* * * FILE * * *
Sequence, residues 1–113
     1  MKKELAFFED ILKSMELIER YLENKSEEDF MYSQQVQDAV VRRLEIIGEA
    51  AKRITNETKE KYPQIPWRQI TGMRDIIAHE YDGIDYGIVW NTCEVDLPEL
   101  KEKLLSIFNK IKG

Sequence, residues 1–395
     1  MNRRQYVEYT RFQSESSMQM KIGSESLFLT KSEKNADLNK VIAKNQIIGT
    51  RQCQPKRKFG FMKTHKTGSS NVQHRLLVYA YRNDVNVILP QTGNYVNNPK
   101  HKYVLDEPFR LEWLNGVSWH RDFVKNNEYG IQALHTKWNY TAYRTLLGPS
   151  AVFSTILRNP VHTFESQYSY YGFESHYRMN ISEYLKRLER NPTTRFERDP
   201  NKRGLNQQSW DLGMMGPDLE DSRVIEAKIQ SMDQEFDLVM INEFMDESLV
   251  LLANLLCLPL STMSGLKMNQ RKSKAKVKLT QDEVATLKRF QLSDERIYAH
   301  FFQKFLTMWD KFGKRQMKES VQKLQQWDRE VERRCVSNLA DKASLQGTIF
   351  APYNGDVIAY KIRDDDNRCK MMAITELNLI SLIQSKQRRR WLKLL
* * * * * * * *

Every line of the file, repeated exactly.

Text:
Sequence, residues 1–113
     1  MKKELAFFED ILKSMELIER YLENKSEEDF MYSQQVQDAV VRRLEIIGEA
    51  AKRITNETKE KYPQIPWRQI TGMRDIIAHE YDGIDYGIVW NTCEVDLPEL
   101  KEKLLSIFNK IKG

Sequence, residues 1–395
     1  MNRRQYVEYT RFQSESSMQM KIGSESLFLT KSEKNADLNK VIAKNQIIGT
    51  RQCQPKRKFG FMKTHKTGSS NVQHRLLVYA YRNDVNVILP QTGNYVNNPK
   101  HKYVLDEPFR LEWLNGVSWH RDFVKNNEYG IQALHTKWNY TAYRTLLGPS
   151  AVFSTILRNP VHTFESQYSY YGFESHYRMN ISEYLKRLER NPTTRFERDP
   201  NKRGLNQQSW DLGMMGPDLE DSRVIEAKIQ SMDQEFDLVM INEFMDESLV
   251  LLANLLCLPL STMSGLKMNQ RKSKAKVKLT QDEVATLKRF QLSDERIYAH
   301  FFQKFLTMWD KFGKRQMKES VQKLQQWDRE VERRCVSNLA DKASLQGTIF
   351  APYNGDVIAY KIRDDDNRCK MMAITELNLI SLIQSKQRRR WLKLL